13 Best Paprika Substitute Options You Should Be Aware Of

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Odette Published: March 31, 2022 Modified: June 24, 2022
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Paprika is a spice blend made from a mixture of sweet ground peppers from the Capsicum annuum family such as bell pepper and hot chili peppers. There are three main types of paprika: smoked, sweet, and hot. Whichever type, this spice has a vibrant deep red color that features a smoky and fiery flavor with slightly sweet notes. It’s best recognized for the nuanced spicy kick it adds to deviled eggs, stuffed bell pepper, and hummus, and is also a well-known chili powder substitute for a wide variety of dishes. Now in case you’ve run out of this essential spice, let’s explore paprika substitute options you can try below.

Read on as we show you what paprika is made of, its different types, and what substitutes work better for each one. You’ll also find out how to make your own paprika at home!

What Can I Substitute for Paprika?

different kinds of ground peppers

Smoked Paprika Substitutes

This type is made from gradually smoking pimentón (a type of Spanish smoked pepper). Since it’s dried by way of smoking, the flavor it imparts is somewhat woody, peppery, and smoky with a mild spicy kick. Unlike other types, this one is prized for its smokiness rather than the heat level it can provide. Check the best smoked paprika substitute options below:

  • Chipotle powder
  • Ancho chili powder (also makes for a great sweet paprika substitute)
  • Cajun spice
  • Cumin + regular paprika + cayenne chili powder
  • Crushed red pepper flakes

Chipotle Powder

Chipotle powder is probably the best smoked paprika substitute on your spice rack. Like the original ingredient, this replacement is also considered mildly spicy with a heat level that ranges from 2,500 to 8,000 Scoville Heat Unit (SHU) on the Scoville Scale. Made from smoked dried jalapeño peppers, this spice is also known for its remarkable smoky and earthy taste — the result of the smoking process. Its bright red color also closely resembles paprika. All things considered, the chipotle powder is a fantastic backup for smoky dishes rather than spicy recipes. 

Switching with this spice is pretty straightforward. Just use an equal amount of chipotle powder for every smoked paprika the recipe calls for. 

Ancho Chili Powder

Another worthy replacement for smoked paprika is ancho chili powder. It’s made from dried and ground ancho chiles. This pepper is more common in Mexican cooking but found its way into the United States by way of Tex Mex cuisine. They offer mild to medium heat that only ranges from 1,000 to 1,500 SHU. It has a deep, smoky and slightly sweet flavor. For this reason, you don’t have to worry as much when using this as a replacement as it won’t overpower your dish as easily compared to chipotle powder. To use as an effective backup, you can incorporate exactly how much a recipe calls for smoked paprika.

Aside from making a great replacement for the smoked type, ancho chili powder also makes for a great sweet paprika substitute because of its sweet flavor that is similar to the taste of raisins.

Cajun Spice

Basically made of paprika, cayenne pepper powder, garlic powder, oregano, and other flavorful seasonings, Cajun spice (also called Cajun seasoning) features a bold spicy flavor with a subtle earthiness. Although it contains the combined heat of paprika and cayenne, this seasoning is considered mild because, again, it’s made with a combination of seasonings. Despite being made from a combination of spices, some versions are still hot because different brands pack different amounts of ground peppers in their bottle. For this reason, we recommend testing this alternative first before using it.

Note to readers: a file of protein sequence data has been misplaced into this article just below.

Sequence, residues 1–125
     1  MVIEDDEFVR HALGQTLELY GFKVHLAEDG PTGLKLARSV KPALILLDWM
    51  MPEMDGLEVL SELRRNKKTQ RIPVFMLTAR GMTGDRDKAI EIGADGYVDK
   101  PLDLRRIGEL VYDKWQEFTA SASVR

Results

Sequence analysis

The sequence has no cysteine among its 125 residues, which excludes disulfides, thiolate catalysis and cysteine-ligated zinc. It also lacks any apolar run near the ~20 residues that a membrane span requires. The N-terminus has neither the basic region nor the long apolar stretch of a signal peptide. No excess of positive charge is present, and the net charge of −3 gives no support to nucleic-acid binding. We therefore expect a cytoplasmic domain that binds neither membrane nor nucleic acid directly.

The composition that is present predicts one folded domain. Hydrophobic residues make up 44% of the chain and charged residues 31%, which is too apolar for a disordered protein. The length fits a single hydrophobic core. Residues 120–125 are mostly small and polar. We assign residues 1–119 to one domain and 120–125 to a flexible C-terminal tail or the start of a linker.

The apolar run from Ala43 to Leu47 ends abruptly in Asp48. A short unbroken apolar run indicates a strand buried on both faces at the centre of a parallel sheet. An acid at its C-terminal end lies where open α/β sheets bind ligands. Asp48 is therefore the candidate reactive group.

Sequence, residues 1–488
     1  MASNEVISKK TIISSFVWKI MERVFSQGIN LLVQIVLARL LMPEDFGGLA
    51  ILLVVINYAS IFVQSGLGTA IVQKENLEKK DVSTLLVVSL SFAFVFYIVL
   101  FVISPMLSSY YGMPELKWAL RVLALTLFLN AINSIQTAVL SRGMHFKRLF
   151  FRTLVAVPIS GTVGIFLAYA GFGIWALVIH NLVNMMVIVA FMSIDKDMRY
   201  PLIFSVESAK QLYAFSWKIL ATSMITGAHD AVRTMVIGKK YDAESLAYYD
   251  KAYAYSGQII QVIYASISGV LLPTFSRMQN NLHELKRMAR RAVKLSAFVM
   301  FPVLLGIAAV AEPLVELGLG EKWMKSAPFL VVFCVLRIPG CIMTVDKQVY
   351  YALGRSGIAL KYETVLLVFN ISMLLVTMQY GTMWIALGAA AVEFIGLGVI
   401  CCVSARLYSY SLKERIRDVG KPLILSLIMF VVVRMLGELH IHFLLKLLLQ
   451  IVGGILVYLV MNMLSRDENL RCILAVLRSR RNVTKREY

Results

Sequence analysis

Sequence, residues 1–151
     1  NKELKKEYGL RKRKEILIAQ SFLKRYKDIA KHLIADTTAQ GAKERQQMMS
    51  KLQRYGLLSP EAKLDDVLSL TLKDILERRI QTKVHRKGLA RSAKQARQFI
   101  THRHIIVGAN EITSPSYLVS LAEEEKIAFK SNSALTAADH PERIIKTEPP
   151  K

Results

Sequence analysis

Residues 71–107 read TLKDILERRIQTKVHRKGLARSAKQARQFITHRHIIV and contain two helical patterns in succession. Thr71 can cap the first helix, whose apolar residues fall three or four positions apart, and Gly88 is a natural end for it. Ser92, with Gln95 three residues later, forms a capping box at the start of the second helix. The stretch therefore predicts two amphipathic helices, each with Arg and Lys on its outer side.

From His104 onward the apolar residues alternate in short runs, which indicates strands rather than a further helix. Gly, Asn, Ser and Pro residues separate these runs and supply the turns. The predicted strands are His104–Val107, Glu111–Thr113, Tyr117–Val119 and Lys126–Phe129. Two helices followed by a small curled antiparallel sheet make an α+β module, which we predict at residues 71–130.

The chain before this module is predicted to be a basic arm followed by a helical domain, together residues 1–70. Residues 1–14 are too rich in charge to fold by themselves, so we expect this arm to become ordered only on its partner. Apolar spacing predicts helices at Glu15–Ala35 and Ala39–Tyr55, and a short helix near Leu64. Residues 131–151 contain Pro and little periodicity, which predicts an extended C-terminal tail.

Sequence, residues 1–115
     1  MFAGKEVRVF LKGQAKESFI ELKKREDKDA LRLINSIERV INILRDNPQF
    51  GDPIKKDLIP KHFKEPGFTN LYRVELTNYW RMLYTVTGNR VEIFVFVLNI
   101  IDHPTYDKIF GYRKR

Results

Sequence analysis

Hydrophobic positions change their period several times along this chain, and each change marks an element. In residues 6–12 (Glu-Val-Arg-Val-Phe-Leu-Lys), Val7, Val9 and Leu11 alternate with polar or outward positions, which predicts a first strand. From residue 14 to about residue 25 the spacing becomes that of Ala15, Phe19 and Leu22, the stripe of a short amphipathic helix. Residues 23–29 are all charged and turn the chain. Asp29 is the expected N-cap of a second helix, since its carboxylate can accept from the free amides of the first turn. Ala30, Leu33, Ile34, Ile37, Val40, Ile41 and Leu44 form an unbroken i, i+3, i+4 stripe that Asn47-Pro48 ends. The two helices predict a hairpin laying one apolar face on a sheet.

Incorporate this with a 1:1 Cajun spice to smoked paprika ratio (more if your bottle at home is milder or less if it’s spicier). 

Regular Paprika +  Cayenne Chili Powder + Cumin

Now, what if you have regular paprika but don’t have the smoked variant? Can you still use it? The answer is yes! But only if you combine it with cumin and cayenne. On its own, regular or plain paprika doesn’t have the flavor that its smoked version is known for. Mixing it with cumin will bring a rich and earthy flavor, while cayenne adds heat and smokiness. With all three, you can create something close to smoked paprika.

For this swap, you need to mix a pinch (⅙ teaspoon) of paprika and cumin and a dash (⅛ teaspoon) of cayenne. You can also adjust other ingredients to your taste. To use as a swap, use exactly as the recipe calls for smoked paprika.

Crushed Red Pepper Flakes

Crushed red pepper flakes are basically just dried peppers that are not ground to powdered form. Because it has not been ground further, it will leave you a mix of seeds and pepper flakes. This condiment is often used to garnish pizza, soups, and stews to add a layer of spicy flavor. That said, it might not be a good backup for some recipes because of its coarse texture. The good thing is you can always use your handy spice grinder to ground it into powdered form.

Red pepper flakes are hotter than paprika, so we recommend substituting teaspoon of red pepper flakes for every 1 teaspoon of paprika. Add more to taste if you want more heat. 

Sweet Paprika or Regular Paprika Substitutes

While the smoked variant is the responsible ingredient for the smoky flavor in many recipes, sweet paprika gives your dishes a fruity, sweet and slightly bitter flavor with very little to no heat at all. If you happen to spot the usual bottle that just says paprika, that’s most likely the regular or sweet variant.

In case you run out, use the following sweet or regular paprika substitution options below:

  • Tomato sauce + chili powder
  • Chili powder
  • Bell peppers
  • Gochugaru powder

Tomato Sauce + Chili Powder

Tomato sauce sports a nice bright red color and a sweet taste that mimics that of the sweet paprika. However, these qualities alone without the spice are not enough as a swap. Mixing it with chili powder will add the heat that tomato sauce lacks. There’s a catch, however. Since this backup is wet, it’s only good for recipes like stews and soups. 

To use this mixture, combine tomato sauce and chili powder in equal amounts. Then, incorporate in dishes in a 1:1 replacement to sweet or regular paprika.

Chili Powder

If you want to add a nice spicy kick without all the overpowering heat, chili powder is a suitable sweet paprika substitute. Despite that, you can’t use chili powder in a 1:1 substitution because of its noticeable savory flavor that comes from a mix of other spices such as onion powder, cumin, garlic, and more. In general, it has an earthy, savory, and slightly spicy taste. But it will do if you’re in a bind or in the middle of garnishing your deviled eggs and curries.